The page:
Five years ago, Cathy Curtis' financial advisory practice had pretty much stalled out when she met a woman at a networking event who was a “branding” expert.
After a 12-week clinic with the woman, Ms. Curtis realized her greatest strengths were her ability to listen and to educate without coming off as condescending — two skills that she knew her female clients especially appreciated.
“Five years ago, I set a path of marketing to women and it's been unbelievably successful,” Ms. Curtis said. “It's been a great journey.”
Now that she markets to female professionals and other wealthy women, Ms. Curtis has tripled the assets under management of her Oakland, Calif.-based practice, Curtis Financial Planning, to $30 million. Not bad, considering that 10 years ago, she switched careers out of the packaged-food industry into the financial advice business without any experience, clients or assets.
The Curtis Financial Planning website is her primary marketing tool, and while it's not full of girly graphics, its target audience is unquestionably female. Her tag line sums up her focus: “For savvy women, their families and their businesses.”
“I market to professional women who are savvy about their finances but don't want to do it themselves,” said Ms. Curtis, a certified financial planner and registered investment adviser.
Her website is low-key in terms of sales pitch and high-focus on help and personal service.
“Want to pursue a relationship with Curtis Financial Planning?” it asks. If so, the first step for the client is to call Ms. Curtis to see if she and the adviser are a “good fit.”
Ms. Curtis also spends a lot of time networking with groups focused on women and said she's noticed more competition in the recent year or two with other financial advisers targeting women.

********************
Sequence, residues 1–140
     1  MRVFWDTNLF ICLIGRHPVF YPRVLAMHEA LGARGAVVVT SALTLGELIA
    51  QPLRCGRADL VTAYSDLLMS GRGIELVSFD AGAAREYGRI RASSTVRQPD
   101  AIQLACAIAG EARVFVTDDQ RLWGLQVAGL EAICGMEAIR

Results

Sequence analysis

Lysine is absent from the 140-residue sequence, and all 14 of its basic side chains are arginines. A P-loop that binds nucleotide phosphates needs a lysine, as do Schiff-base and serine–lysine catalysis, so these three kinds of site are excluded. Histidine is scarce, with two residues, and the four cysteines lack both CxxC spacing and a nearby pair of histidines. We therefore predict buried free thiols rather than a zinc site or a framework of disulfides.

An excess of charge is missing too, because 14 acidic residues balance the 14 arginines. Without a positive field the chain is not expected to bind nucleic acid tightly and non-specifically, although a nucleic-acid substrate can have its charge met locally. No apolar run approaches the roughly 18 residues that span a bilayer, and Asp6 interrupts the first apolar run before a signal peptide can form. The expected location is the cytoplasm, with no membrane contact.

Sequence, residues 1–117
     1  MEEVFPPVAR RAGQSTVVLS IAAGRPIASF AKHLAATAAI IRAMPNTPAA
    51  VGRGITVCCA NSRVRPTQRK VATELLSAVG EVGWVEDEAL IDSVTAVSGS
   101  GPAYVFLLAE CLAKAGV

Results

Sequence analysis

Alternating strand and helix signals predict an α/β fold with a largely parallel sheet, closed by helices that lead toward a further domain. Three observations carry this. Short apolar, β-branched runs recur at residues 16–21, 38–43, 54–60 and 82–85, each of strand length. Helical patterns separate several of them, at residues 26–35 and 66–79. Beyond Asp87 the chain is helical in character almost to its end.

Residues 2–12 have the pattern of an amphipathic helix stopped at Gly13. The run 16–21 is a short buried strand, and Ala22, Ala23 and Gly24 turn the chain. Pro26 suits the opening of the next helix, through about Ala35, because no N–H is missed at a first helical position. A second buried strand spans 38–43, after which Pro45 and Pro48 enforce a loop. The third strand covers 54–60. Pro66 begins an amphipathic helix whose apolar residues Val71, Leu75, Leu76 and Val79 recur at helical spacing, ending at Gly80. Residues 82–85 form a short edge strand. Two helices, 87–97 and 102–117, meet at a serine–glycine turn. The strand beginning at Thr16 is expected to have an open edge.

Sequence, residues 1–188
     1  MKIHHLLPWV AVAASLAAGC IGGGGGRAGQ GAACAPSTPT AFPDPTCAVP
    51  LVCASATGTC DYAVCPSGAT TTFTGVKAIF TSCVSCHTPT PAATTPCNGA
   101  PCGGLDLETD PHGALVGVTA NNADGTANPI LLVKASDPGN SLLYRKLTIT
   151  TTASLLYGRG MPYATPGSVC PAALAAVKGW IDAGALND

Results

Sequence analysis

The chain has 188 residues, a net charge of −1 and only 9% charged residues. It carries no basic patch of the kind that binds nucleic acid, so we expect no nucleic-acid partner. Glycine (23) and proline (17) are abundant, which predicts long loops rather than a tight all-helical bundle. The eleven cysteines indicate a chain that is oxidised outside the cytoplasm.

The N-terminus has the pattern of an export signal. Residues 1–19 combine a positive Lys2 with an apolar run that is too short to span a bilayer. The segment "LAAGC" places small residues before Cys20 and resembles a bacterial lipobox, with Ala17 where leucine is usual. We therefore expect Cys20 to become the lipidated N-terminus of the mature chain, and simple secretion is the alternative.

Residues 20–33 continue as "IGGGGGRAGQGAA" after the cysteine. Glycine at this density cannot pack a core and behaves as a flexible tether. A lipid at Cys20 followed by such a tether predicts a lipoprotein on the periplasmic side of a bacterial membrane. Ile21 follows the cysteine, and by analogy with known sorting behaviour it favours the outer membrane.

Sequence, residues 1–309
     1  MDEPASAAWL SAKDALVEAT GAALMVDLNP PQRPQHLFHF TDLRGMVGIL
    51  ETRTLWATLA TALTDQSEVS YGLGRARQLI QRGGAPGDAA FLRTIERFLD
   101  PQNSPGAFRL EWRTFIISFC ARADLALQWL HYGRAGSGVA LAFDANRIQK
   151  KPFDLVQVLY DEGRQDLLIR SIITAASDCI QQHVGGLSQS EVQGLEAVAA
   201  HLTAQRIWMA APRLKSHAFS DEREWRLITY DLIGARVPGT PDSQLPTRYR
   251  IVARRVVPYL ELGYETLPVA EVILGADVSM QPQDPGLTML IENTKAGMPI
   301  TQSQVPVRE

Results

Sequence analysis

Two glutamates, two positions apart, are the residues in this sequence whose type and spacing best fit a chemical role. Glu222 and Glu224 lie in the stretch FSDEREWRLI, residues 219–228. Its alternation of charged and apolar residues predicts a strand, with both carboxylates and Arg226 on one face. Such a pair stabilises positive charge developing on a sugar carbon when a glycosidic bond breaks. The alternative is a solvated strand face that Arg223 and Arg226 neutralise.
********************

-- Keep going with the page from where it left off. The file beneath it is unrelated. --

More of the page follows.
The National Association of Personal Financial Advisors started a women's initiative last year aimed at teaching advisers how to approach female clients and fill in financial knowledge gaps.
The key to working with women about finances is to listen to everything they say during meetings, even if the topic strays from monetary goals and retirement plans, Ms. Curtis said.
“They want to have a conversation and feel comfortable,” she said. “They open up quickly if you just listen, and they will share information that's important.”
For example, one client who is single, 47 and came into a windfall when a large firm bought her business, told Ms. Curtis about a new boyfriend who she believes is “the one.” That's important because planning will take a different path if she's likely to be married in the near future, she said.
“Women will divulge that sort of thing early in the process with another woman,” Ms. Curtis said.
EYE ON PHILANTHROPY
She finds that many of her clients are afraid of running out of money, even when they seemingly are well off. In addition, many corporate women are looking to do something they really care about and want to figure out whether they can afford to take a sabbatical from their jobs or switch careers altogether. Many want to start their own businesses, she said.
Clients also tend to want to increase the amount they give to charities and see how their giving is having an impact, Ms. Curtis said. She has added philanthropic planning to her practice, so these giving decisions are talked about all year, not just Dec. 31.
Other topics of interest to women that she regularly handles include adopting a child, dealing with the care of their parents and sustainable investing.